Mutations in transcription factors have long been shown to be central in tumorigenesis. Our lab is interested in understanding transcriptional regulation of myeloid differentiation and how this is altered in AML. In particular, we are studying deregulation of transcription factors C/EBPα and core-binding factors, CBFs (consisting of RUNX and CBFβ proteins) in AML. We are investigating the preleukemic molecular events in AML with CEBPA mutations and chromosomally rearranged RUNX1/ CBFβ.
- Non-coding RNA function in hematopoiesis and leukemia
While around 76% of the human genome is transcribed into RNA, only 2% of the genome is translated to proteins. Recent findings in RNA biology made a paradigm shift in our understanding of RNA function beyond acting as templates for protein synthesis. An emerging theme in gene regulation is the central role played by long non-coding RNAs (lncRNAs). We are interested in understanding the functional relevance of deregulated lncRNAs in AML with altered CBF and C/EBPα activity and the therapeutic relevance of targeting lncRNAs in AML treatment.
(van der Kouwe E, Heller G, Czibere A, Pulikkan JA, Agreiter C, Castilla LH, Delwel R, Di Ruscio A, Ebralidze AK, Forte M, Grebien F, Heyes E, Kazianka L, Klinger J, Kornauth C, Le T, Lind K, Barbosa IAM, Pemovska T, Pichler A, Schmolke AS, Schweicker CM, Sill H, Sperr WR, Spittler A, Surapally S, Trinh BQ, Valent P, Vanura K, Welner RS, Zuber J, Tenen DG, Staber PB.) Blood. 2021 Oct 14;138(15):1345-1358 PMID: 34010414 05/20/2021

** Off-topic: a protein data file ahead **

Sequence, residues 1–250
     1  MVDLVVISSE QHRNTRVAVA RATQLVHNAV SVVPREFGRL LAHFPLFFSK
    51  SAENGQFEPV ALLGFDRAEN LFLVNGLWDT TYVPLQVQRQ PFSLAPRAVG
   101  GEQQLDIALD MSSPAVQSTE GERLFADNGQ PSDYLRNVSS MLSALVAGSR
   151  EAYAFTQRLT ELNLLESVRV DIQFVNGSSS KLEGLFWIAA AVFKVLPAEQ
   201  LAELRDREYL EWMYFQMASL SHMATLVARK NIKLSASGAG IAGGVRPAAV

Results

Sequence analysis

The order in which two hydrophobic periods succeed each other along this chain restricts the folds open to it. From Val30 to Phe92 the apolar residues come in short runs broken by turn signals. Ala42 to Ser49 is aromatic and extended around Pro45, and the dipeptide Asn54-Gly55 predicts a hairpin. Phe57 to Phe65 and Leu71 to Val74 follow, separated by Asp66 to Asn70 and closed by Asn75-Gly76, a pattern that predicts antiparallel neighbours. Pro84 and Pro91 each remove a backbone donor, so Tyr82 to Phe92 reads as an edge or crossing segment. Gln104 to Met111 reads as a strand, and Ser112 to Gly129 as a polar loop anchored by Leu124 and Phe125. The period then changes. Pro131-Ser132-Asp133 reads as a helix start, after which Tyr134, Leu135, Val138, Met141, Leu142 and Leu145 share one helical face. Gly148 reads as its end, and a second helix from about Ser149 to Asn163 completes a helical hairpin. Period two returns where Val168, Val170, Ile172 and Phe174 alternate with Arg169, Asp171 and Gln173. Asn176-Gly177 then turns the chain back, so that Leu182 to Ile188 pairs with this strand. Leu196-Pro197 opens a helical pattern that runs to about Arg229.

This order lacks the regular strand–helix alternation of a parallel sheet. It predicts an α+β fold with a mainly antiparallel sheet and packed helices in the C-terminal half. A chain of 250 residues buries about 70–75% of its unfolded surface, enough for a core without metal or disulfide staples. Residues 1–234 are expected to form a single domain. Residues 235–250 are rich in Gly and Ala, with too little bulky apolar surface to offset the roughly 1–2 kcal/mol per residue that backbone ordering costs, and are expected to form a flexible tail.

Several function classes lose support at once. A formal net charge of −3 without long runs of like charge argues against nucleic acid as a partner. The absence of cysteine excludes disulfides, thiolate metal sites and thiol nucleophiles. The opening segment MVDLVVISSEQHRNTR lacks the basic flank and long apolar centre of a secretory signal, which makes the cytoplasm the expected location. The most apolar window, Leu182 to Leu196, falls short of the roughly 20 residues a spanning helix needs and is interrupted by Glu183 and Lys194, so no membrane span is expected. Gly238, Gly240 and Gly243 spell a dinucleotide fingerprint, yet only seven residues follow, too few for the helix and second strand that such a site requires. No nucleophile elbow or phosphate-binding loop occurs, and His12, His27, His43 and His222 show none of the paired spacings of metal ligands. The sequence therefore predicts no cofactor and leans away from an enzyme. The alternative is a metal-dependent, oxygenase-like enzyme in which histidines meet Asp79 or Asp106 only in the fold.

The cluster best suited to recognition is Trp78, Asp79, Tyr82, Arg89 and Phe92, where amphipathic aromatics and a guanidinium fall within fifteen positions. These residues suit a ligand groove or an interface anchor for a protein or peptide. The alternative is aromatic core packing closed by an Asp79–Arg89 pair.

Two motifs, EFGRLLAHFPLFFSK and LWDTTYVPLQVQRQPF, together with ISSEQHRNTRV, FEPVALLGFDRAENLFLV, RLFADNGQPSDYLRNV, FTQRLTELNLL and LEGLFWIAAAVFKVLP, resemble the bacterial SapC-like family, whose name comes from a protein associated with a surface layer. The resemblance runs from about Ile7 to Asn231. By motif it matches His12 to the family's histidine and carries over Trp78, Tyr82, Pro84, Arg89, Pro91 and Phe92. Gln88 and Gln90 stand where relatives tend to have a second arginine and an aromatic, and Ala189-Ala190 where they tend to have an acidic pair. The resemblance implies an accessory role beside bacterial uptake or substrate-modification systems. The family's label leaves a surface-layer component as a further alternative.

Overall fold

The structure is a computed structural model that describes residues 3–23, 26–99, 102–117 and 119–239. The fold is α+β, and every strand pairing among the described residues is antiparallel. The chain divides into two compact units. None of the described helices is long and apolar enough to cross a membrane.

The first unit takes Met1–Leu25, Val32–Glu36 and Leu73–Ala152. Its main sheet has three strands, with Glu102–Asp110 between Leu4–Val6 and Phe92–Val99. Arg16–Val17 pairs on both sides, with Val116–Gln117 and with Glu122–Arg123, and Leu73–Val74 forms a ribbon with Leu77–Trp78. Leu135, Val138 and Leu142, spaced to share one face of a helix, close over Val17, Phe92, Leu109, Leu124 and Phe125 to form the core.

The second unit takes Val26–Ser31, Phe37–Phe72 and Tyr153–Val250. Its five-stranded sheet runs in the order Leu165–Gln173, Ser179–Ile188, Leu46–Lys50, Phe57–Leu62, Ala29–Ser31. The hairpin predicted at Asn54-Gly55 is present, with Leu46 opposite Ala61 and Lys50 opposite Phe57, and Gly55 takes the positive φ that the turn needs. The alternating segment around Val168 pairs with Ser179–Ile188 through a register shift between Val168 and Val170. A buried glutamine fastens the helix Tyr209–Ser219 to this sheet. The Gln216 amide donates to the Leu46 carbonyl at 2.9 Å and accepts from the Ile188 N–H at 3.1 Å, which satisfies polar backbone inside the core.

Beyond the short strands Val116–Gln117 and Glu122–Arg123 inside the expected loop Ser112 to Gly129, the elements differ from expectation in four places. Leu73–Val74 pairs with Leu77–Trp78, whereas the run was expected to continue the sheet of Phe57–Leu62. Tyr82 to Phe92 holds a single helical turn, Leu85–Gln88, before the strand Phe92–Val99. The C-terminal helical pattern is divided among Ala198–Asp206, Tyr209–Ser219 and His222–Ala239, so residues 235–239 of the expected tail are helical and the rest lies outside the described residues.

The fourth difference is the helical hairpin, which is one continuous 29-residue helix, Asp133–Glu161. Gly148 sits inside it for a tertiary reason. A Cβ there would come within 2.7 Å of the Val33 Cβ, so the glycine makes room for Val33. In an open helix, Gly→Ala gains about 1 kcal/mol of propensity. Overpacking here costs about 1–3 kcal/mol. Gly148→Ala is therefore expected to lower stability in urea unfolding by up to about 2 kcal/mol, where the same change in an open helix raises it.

(Surapally S, Tenen DG, Pulikkan JA.) Blood. 2021 May 13;137(19):2579-2584 PMID: 33821975 PMCID: PMC8120144 04/07/2021
(Heimbruch KE, Fisher JB, Stelloh CT, Phillips E, Reimer MH Jr, Wargolet AJ, Meyer AE, Pulakanti K, Viny AD, Loppnow JJ, Levine RL, Pulikkan JA, Zhu N, Rao S.) Sci Rep. 2021 03 31;11(1):7288 PMID: 33790356 PMCID: PMC8012605 SCOPUS ID: 2-s2.0-85103745135 04/02/2021
(Pulikkan JA, Hegde M, Ahmad HM, Belaghzal H, Illendula A, Yu J, O'Hagan K, Ou J, Muller-Tidow C, Wolfe SA, Zhu LJ, Dekker J, Bushweller JH, Castilla LH.) Cell. 2018 06 28;174(1):172-186.e21 PMID: 29958106 PMCID: PMC6211564 06/30/2018
(Pulikkan JA, Castilla LH.) Front Oncol. 2018;8:129 PMID: 29755956 PMCID: PMC5932169 05/15/2018
(Illendula A, Gilmour J, Grembecka J, Tirumala VSS, Boulton A, Kuntimaddi A, Schmidt C, Wang L, Pulikkan JA, Zong H, Parlak M, Kuscu C, Pickin A, Zhou Y, Gao Y, Mishra L, Adli M, Castilla LH, Rajewski RA, Janes KA, Guzman ML, Bonifer C, Bushweller JH.) EBioMedicine. 2017 11;25:188 PMID: 29104075 PMCID: PMC5704058 11/07/2017
(Pulikkan JA, Tenen DG, Behre G.) Leukemia. 2017 11;31(11):2279-2285 PMID: 28720765 PMCID: PMC8197657 07/20/2017
(Choi A, Illendula A, Pulikkan JA, Roderick JE, Tesell J, Yu J, Hermance N, Zhu LJ, Castilla LH, Bushweller JH, Kelliher MA.) Blood. 2017 10 12;130(15):1722-1733 PMID: 28790107 PMCID: PMC5639483 08/10/2017
(Illendula A, Gilmour J, Grembecka J, Tirumala VSS, Boulton A, Kuntimaddi A, Schmidt C, Wang L, Pulikkan JA, Zong H, Parlak M, Kuscu C, Pickin A, Zhou Y, Gao Y, Mishra L, Adli M, Castilla LH, Rajewski RA, Janes KA, Guzman ML, Bonifer C, Bushweller JH.) EBioMedicine. 2016 Jun;8:117-131 PMID: 27428424 PMCID: PMC4919611 07/20/2016
(Illendula A, Pulikkan JA, Zong H, Grembecka J, Xue L, Sen S, Zhou Y, Boulton A, Kuntimaddi A, Gao Y, Rajewski RA, Guzman ML, Castilla LH, Bushweller JH.) Science. 2015 Feb 13;347(6223):779-84 PMID: 25678665 PMCID: PMC4423805 02/14/2015
(Xue L, Pulikkan JA, Valk PJ, Castilla LH.) Blood. 2014 Jul 17;124(3):426-36 PMID: 24894773 PMCID: PMC4102713 06/05/2014
(Pulikkan JA, Madera D, Xue L, Bradley P, Landrette SF, Kuo YH, Abbas S, Zhu LJ, Valk P, Castilla LH.) Blood. 2012 Jul 26;120(4):868-79 PMID: 22613795 PMCID: PMC3412349 05/23/2012